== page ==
not ordinary vs. god-touched

Wholergo at Wholergo at
Fri May 5 21:23:00 EDT 2000

>To bring this back on track, one of the things I like about DWJ is that
>her characters think they're ordinary and then discover that they're
>not--but they're still not, oh, god-touched or anything. They're just
>unique in the way that everyone is.
This to me is the main difference between Lloyd Alexander and, say, Tolkien 
or L'Engle - the people are people rising to magical circumstances not unique 
personages with great and unique abilities.   DWJ's strength is that the peopl
e are not magic even when the world is, or even when they have magic powers.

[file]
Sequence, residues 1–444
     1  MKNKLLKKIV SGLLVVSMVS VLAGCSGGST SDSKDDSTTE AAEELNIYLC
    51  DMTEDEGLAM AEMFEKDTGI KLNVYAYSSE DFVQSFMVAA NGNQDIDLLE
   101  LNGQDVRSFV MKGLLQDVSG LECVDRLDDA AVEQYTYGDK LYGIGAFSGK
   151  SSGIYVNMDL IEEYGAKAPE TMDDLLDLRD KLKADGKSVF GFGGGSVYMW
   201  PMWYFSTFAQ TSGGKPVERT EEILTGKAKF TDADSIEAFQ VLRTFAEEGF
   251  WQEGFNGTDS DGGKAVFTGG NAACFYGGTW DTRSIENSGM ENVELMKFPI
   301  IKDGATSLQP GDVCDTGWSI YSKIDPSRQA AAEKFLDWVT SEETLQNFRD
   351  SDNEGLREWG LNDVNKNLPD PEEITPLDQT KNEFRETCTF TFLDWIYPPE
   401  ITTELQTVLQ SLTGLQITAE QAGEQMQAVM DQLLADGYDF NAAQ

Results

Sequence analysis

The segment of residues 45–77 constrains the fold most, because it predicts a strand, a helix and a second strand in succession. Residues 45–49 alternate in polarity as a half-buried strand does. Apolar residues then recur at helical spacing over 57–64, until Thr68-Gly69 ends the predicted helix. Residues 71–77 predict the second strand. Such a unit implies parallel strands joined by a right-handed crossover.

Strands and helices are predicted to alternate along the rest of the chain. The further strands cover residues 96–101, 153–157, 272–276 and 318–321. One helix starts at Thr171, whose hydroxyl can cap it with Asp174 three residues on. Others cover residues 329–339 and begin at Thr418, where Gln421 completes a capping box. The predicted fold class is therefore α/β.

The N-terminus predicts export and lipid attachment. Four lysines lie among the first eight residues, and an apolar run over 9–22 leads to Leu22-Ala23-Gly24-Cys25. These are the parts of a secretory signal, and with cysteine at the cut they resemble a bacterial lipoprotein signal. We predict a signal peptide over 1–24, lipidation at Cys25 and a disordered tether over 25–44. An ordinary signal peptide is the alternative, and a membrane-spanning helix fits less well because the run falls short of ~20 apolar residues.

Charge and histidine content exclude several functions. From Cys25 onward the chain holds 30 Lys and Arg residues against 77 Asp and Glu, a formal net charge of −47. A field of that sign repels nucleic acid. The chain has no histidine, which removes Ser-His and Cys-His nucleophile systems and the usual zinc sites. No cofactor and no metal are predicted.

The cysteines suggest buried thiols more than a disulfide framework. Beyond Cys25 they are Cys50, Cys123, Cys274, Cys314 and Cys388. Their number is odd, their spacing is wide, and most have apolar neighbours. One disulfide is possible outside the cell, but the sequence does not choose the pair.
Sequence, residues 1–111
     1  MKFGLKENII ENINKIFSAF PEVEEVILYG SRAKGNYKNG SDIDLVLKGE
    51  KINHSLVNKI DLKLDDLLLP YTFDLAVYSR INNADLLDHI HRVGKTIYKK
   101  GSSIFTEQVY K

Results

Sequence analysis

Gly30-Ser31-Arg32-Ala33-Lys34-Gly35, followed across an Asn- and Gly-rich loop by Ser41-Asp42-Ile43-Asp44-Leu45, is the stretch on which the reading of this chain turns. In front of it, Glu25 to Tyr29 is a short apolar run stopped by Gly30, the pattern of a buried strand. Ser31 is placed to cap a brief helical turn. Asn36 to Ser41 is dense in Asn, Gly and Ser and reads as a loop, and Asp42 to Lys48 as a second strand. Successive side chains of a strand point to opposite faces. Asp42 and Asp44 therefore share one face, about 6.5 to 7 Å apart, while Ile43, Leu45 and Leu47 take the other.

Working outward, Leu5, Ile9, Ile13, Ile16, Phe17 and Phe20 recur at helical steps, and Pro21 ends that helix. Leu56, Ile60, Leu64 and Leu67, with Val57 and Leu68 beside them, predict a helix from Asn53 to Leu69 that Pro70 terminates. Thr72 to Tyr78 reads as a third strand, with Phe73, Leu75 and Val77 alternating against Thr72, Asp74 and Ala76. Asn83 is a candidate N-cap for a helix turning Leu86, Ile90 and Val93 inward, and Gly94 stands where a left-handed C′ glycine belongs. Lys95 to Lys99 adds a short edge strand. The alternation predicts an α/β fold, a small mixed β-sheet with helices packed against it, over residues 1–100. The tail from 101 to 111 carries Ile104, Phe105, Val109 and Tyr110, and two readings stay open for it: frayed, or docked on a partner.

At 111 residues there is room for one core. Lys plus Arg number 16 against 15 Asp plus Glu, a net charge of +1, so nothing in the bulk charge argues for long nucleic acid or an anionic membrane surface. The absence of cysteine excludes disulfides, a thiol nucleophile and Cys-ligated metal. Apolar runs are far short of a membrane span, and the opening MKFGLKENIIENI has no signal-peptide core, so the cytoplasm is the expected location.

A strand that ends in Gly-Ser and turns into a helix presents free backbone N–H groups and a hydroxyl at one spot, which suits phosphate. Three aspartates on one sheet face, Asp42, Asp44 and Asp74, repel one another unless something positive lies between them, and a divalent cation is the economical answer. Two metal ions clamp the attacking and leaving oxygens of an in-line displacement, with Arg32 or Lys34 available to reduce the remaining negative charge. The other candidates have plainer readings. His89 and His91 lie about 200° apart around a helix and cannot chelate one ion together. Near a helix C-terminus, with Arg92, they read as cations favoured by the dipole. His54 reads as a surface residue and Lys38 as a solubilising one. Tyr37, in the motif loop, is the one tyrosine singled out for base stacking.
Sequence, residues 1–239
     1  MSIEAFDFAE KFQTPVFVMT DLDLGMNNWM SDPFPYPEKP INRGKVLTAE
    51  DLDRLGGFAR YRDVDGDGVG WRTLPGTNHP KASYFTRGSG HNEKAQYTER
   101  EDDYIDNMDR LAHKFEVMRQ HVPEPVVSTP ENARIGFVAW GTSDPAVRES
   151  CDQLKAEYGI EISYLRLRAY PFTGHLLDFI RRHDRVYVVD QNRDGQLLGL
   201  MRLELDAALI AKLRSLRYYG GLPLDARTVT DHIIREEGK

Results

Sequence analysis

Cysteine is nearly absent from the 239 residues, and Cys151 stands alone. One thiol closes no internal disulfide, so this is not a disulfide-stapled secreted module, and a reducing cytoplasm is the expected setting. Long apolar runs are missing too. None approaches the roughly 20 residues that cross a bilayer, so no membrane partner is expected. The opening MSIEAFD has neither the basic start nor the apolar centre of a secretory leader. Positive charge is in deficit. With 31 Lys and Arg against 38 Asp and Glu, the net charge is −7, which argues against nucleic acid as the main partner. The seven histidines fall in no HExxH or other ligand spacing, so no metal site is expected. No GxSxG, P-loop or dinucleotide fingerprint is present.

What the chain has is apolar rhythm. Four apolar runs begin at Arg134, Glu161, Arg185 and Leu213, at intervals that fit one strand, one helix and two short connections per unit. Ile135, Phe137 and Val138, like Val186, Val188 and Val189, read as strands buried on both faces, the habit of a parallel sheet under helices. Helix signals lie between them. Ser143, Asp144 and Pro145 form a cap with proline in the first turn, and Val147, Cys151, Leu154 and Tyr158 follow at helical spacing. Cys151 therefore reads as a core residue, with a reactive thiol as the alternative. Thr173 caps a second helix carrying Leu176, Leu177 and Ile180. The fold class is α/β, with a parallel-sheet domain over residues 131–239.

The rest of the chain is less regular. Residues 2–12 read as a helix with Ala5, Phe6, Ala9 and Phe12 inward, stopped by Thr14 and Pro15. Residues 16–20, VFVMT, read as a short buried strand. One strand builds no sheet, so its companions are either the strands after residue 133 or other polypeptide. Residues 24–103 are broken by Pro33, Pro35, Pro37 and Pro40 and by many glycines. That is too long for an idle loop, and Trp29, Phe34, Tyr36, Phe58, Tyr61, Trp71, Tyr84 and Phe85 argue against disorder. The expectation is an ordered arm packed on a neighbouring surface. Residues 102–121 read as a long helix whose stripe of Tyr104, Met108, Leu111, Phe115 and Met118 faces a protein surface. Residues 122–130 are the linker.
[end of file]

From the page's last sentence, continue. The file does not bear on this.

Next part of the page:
They are however interesting, realistic and sometimes heroic.  And unlike 
Harry Potter (who despite being a magician is really just an normal boarding 
school kid, neither interesting nor truly magical), they are really not 
Robin Mary Gillespie (new to list - just discovered DWJ when looking for a 
better line of reading than Harry Potter for my son.  I'm hooked.)
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